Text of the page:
Dutch enter coalition limbo
There is no ‘absolute’ winner in Dutch general elections as the three leading parties together received less than half of the votes. The situation is not an easy one for forming a functional coalition government. Mark Rutte is not new to Dutch politics, subsequently he is expected to carry on the task of creating a coalition, but he needs the support of at least three partners to achieve a majority, meaning they will have to patch the differences over taxes, healthcare, and the other issues sensitive to their retrospective electorates. In view of these difficulties the Netherlands enters an extended period of uncertainty, when neither of political forces is appealing enough to the majority of the citizens, and none of the political party can take a lead, without sacrificing a chunk of their integrity.
In this blurred atmosphere the so-called ‘victory’ of the centre-right Mark Rutte (VVD), as much as the ‘loss’ of the right, or so-called ‘populist’ Geert Wilders (PVV) are equally ephemeral, because unlike two-party system with clearer benefits for the winner, the coalition government is at most difficult form of organization to introduce any change.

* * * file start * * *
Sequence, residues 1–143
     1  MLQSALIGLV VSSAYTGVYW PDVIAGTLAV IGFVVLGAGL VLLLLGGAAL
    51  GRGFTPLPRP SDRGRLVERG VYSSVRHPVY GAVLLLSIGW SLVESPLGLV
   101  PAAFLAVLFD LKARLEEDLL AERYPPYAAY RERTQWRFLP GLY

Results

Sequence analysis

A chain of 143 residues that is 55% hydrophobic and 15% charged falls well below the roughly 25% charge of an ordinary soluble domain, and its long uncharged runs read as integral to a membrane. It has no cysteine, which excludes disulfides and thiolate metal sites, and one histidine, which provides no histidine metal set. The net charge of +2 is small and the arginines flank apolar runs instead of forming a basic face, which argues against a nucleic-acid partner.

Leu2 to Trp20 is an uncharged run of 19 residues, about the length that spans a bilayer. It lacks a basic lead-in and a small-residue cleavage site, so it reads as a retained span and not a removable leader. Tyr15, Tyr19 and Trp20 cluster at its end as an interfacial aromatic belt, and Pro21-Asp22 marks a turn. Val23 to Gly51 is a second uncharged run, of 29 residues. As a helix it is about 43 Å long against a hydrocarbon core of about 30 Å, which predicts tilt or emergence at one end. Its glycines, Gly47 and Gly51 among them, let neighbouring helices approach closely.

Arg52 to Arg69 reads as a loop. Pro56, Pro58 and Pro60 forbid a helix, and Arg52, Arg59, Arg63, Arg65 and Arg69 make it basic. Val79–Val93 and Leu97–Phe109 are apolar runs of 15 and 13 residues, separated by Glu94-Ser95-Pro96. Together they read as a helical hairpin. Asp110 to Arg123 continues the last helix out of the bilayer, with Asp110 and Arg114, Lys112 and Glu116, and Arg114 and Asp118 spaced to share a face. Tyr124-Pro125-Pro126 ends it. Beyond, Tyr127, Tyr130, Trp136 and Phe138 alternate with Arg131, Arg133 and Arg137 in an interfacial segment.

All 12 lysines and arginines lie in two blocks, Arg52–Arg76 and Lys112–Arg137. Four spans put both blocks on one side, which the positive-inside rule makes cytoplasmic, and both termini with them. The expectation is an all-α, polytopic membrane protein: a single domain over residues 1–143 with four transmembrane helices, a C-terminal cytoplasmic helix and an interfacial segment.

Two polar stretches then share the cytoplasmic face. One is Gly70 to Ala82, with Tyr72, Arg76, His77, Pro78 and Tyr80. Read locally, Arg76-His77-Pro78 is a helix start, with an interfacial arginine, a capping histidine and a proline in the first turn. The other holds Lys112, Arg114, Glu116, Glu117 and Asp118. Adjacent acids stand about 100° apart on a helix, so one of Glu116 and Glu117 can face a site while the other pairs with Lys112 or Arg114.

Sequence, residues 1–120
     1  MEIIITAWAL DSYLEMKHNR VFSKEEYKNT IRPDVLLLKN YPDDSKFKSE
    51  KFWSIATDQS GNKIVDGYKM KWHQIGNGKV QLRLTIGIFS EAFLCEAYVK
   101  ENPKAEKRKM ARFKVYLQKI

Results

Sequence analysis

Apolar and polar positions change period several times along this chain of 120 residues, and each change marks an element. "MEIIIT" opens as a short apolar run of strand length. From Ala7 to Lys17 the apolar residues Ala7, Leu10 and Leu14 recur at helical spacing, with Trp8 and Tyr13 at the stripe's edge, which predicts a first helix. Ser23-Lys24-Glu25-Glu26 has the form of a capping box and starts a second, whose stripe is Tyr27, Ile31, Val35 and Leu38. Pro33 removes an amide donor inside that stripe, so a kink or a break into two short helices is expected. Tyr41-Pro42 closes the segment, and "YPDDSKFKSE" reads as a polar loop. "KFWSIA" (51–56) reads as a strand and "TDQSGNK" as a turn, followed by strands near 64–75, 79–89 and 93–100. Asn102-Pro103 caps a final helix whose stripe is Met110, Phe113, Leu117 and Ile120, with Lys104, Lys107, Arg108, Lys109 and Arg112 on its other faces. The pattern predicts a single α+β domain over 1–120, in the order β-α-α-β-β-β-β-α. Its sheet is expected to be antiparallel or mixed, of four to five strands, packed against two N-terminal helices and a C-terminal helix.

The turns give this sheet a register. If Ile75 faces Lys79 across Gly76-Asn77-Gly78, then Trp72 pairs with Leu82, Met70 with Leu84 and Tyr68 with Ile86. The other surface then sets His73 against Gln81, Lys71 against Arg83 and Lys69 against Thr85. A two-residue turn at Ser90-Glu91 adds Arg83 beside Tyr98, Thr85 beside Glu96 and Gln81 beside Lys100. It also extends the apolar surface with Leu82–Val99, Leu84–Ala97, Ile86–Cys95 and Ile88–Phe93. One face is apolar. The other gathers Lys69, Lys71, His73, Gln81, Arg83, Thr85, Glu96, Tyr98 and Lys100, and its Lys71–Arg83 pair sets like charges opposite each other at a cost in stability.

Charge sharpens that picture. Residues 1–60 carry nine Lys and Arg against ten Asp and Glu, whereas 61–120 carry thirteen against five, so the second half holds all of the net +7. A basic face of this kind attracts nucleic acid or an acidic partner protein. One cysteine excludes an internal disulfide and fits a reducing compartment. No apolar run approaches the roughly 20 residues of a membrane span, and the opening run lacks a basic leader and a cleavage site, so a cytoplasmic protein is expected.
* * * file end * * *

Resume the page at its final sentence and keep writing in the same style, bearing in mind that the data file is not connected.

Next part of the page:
The celebrated by the Eurocentrics ‘loss’ of Wilders has two major reasons: the accidental – the poring water on Turkish rioters in Rotterdam impressed some part of electorate to extend they recognized Rutte as a strong man, able to protect the population from the negative impact of mass-migration. The other element has deeper roots – Wilders repeats a mistake of many, attempting to do good to his people without their participation. Through years Party for Freedom (PVV) became a closed structure, almost impossible to enter. Wilders explains this decision to keep his party well intact as allowing him to maintain its high operational capacities without risks of too much of an inner debate to weaken the ability of actions. However the absence of this ‘horizontal’ dimension in favor of ‘vertical’ does not add charms to the image of the convention in the eyes of citizens, expecting more dialog, and openness.